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Distributed for Bodleian Library, University of Oxford

Famous Last Words

An Anthology

Which statesman was, by the end, “bored with it all?” Which world-renowned economist considered on his deathbed whether he ought to have been less abstemious, saying “I should have drunk more champagne.” Did Admiral Horatio Nelson, one of England’s greatest naval heroes, really utter “Kiss me, Hardy” to his captain just before his death in the Battle of Trafalgar?
           
Over the years, family and loved ones have recorded an extraordinary number of famous last words, from kings and queens to politicians, philosophers, scientists, writers, and actors. These exit lines can impart keen insights from an extraordinary life, reveal a sense of humor indomitable in even the darkest hours, or tell us something about a celebrated person’s last moments of life. Perhaps unavoidably given their provenance, many last words have proven irresistible to embellishment or remain in question. King Charles II, for example, was said to have instructed his brothers to “let not Poor Nelly starve,” asking that his favorite mistress be provided a pension of 1,500 pounds a year. Although she did indeed receive said pension, some contend that Charles’s actual last words, following a long period of illness, were, “You must pardon me, gentlemen, for being a most unconscionable time a-dying.”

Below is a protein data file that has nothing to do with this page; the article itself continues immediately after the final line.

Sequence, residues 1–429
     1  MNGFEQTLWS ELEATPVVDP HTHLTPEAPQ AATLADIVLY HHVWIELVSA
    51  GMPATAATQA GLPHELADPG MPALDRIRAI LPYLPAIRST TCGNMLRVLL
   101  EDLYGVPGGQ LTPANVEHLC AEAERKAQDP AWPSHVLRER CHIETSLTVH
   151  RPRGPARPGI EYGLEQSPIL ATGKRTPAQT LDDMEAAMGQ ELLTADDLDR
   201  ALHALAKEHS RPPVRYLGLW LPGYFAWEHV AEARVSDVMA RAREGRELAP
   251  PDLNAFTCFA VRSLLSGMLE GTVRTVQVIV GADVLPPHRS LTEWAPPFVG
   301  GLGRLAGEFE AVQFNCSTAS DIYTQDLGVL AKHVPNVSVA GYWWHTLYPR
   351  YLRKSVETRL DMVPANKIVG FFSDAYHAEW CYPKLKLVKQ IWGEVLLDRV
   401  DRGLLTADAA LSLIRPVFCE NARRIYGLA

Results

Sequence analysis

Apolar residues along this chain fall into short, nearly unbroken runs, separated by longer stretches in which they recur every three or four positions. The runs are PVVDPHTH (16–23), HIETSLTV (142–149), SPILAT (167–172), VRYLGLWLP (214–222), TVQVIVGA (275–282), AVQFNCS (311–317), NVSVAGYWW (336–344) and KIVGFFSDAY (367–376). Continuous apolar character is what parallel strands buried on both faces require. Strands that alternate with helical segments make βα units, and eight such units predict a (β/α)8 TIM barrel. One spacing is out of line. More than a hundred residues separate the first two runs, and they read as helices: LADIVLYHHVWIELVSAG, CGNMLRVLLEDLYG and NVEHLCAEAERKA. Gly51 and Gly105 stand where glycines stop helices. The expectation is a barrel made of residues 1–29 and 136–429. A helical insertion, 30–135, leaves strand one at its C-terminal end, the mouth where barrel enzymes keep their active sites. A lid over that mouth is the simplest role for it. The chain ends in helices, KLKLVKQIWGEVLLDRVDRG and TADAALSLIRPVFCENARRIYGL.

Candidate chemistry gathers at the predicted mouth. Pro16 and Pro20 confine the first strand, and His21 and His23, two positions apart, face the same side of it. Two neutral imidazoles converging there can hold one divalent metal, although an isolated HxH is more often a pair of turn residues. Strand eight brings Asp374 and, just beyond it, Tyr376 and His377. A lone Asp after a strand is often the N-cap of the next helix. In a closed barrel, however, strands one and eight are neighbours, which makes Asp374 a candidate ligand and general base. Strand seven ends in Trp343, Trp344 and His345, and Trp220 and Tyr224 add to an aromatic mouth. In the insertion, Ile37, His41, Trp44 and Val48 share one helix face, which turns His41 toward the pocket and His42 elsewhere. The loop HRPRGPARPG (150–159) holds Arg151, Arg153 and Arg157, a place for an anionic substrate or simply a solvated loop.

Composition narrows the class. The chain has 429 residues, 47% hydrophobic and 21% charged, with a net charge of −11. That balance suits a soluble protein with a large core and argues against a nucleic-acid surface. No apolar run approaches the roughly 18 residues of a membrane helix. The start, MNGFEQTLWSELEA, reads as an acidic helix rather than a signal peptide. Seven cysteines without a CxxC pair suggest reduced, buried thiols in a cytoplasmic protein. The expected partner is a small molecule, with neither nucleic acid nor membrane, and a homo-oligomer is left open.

For Famous Last Words, Claire Cock-Starkey has collected the most interesting, insightful, and controversial last words, from deathbed desperation to the fondest of farewells.

144 pages | 4 1/3 x 6 3/4 | © 2016

Culture Studies


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